Tax changes - are you better or worse off ?

(191 Posts)
throckenholt Wed 06-Apr-11 08:41:47

Just listening on the news that only the top 20% will be worse off. I had never realised before that I am that well off to be honest !

I think we will be about £250 worse off if the online predictor things are right - we have 3 kids, 1.3 FTE salary (both work part time) with a middling salary (average about 40-45K between us). I think the money we will lose will be from falling off the top of the child tax credit limit (just).

I don't particularly expect handouts from the govt at my level of income, but I was surprised that our income puts us as high as the top 20% - I would have thought a bit above the middle. There must be a very long tail stretching out to the high earners.

It made me wonder roughly how many others are similarly unaware that they are classed as the wealthiest 20%.

bronze Mon 16-Apr-12 09:31:10

Are they supposed to warn you about any changes as I've just found we're going to be £200 a month worse off by their simply changing the amount coming into our account. No warning or anything.

It's a hugely different amount to the figures the calculators have given me

I want a letter so i can check it. Fuck we're screwed this month as I need to budget

WetAugust Wed 04-Apr-12 22:44:29

WARNING - ZOMBIE THREAD

BellaTalbert Wed 04-Apr-12 15:31:01

Meant to say better off on benefits

BellaTalbert Wed 04-Apr-12 15:30:24

£307 worse off from tax credits and still waiting for the CSA to get its act together I am seriously wondering if my daughter and I were on benefits

cwissy Mon 25-Apr-11 22:42:16

Hi i was wondering if someone could help me ? I am a single mum of four kids ( although my twins are 21 and have moved out ) but i still have my 2 daughters living with me one is 16 and at college and the other is 6 , I work 18 hrs a week and pay childcare costs for my 6 year old , could you tell me if it is true that the minimum working hours is changing to 24 hrs a week as if this is true i stand to lose my job as my employer has not got the hours to give me .

wheredidyoulastseeit Tue 12-Apr-11 21:23:20

actually I am so furious about how this government is affecting me and my childrens futures I cannot even put it into words.

But why is our just above benefit level income being assessed for university grants when our children will have the debt.

fastedwina Tue 12-Apr-11 20:15:10

we will be worse off though not complaining as we are lucky enough to still be able to maintain a good standard of living compared to some others.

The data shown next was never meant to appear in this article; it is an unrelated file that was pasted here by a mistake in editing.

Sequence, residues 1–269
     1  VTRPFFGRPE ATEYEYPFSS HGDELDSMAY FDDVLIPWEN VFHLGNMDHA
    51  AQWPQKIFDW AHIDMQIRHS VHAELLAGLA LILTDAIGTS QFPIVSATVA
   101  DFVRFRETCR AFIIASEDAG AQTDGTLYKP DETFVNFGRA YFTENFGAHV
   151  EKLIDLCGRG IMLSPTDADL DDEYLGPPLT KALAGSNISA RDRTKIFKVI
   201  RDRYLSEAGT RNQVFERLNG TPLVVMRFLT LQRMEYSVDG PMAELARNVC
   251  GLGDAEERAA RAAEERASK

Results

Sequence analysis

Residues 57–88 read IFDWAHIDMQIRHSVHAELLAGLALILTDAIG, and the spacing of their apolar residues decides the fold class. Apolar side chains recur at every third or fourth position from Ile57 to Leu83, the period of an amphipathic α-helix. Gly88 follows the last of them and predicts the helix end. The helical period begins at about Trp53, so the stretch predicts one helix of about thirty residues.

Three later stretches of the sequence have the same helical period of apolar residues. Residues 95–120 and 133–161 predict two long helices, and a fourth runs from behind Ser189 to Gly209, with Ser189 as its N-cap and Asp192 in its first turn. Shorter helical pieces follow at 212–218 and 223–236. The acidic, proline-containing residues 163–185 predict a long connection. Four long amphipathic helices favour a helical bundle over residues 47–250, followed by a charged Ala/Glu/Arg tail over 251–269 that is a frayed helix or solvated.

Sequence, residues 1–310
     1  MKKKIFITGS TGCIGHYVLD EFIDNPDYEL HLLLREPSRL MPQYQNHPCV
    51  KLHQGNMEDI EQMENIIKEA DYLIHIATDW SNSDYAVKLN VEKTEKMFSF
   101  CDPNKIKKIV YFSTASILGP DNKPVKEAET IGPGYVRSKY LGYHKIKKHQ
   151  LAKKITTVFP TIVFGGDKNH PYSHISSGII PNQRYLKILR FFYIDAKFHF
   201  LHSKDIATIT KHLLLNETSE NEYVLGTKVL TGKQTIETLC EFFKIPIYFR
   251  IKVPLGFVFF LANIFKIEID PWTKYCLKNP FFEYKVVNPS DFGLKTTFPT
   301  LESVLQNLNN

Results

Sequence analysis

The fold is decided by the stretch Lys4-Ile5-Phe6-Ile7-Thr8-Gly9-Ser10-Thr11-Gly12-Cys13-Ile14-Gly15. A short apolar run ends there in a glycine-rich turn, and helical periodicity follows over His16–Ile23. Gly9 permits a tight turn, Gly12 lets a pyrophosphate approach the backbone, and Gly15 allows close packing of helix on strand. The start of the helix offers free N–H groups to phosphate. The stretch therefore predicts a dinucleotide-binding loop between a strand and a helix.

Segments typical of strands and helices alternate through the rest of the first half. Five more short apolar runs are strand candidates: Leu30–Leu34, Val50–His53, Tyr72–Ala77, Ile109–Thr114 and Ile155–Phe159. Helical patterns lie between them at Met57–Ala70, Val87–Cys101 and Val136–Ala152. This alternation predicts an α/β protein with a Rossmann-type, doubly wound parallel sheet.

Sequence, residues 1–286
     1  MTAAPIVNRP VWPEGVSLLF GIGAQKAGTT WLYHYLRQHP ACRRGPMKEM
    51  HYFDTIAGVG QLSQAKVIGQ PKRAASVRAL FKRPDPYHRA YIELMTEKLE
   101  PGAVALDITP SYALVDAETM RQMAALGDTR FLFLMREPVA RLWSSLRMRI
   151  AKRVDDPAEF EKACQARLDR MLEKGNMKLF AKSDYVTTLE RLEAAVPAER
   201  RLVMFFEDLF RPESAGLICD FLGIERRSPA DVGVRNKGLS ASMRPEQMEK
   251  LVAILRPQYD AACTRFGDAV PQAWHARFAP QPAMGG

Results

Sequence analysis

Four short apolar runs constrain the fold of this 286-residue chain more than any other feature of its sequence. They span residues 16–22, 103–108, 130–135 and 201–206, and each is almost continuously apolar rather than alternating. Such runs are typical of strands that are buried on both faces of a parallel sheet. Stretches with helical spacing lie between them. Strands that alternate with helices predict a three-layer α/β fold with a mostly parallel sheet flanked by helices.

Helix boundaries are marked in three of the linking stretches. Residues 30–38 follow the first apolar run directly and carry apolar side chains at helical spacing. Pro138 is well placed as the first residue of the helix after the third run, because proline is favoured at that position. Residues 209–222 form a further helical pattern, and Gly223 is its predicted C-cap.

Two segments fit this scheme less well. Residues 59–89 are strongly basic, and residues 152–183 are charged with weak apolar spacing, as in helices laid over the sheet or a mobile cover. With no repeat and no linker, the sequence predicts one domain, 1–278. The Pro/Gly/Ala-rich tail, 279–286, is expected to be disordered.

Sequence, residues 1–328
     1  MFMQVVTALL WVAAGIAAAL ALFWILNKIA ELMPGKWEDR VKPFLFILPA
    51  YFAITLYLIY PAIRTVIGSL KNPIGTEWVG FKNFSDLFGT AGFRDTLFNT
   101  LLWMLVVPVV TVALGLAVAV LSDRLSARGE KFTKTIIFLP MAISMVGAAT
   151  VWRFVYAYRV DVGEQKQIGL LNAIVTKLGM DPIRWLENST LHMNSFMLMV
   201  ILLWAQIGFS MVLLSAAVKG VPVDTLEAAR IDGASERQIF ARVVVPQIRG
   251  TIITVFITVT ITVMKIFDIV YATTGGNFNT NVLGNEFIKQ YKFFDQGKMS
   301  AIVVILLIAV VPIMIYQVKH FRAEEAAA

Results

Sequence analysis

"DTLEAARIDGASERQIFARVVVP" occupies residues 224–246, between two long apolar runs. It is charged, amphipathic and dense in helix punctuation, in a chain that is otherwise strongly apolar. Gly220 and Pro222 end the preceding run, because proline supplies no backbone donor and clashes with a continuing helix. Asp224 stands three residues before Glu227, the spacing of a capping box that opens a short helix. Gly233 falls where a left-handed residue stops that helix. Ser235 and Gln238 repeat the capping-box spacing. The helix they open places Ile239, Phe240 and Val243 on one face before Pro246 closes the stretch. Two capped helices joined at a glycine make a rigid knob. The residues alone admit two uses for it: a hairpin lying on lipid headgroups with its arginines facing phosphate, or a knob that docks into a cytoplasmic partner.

MilaMae Tue 12-Apr-11 14:00:55

Just lost our tax credits which means we also will loose our water capping(I wonder if others realise they'll loose that too) so £60- £80 this month. Loose our entire child benefit when that rolls in so we'll loose about £300 a month.

It stinks to be frank.

mrstapir Tue 12-Apr-11 11:38:08

I feel really irked by the cut in child benefit. I earn just enough to lose my child benefit. My husband is a stay at home dad. I work with many people who have one child and a joint income of 80k who will not lose their child benefit. How can this be fair because my husband and I have decided that for our child, the best thing is to look after her at home? We can manage without it and I wouldn't mind but there is a lack of fairness.

angrymomma Mon 11-Apr-11 22:54:18

lynnedyloo, am similar situation as you.

Completely mystified as to how 'they' work these things out.

Am waiting for an expert to come along soon and explain it to me.

lynnedyloo Mon 11-Apr-11 18:37:37

im a single mum with 2 kids and i work full time and earn less than£14000 and im still going to be £500 worse off!!! really dont know how they justify it!!!

SardineQueen Sat 09-Apr-11 17:42:15

Hmmm 12.96 better off. If we forget about the small matter of my job...

SardineQueen Sat 09-Apr-11 17:40:21

£328 better off, if nothing had changed apart fro the budget happening.

The fact I have lost my job due to the cuts though means the minor loss of £21K per year. Not to be sniffed at hmm

I'm going to run it through as if I had always been one of Dave's beloved SAHMs...

ByTheSea Sat 09-Apr-11 17:21:02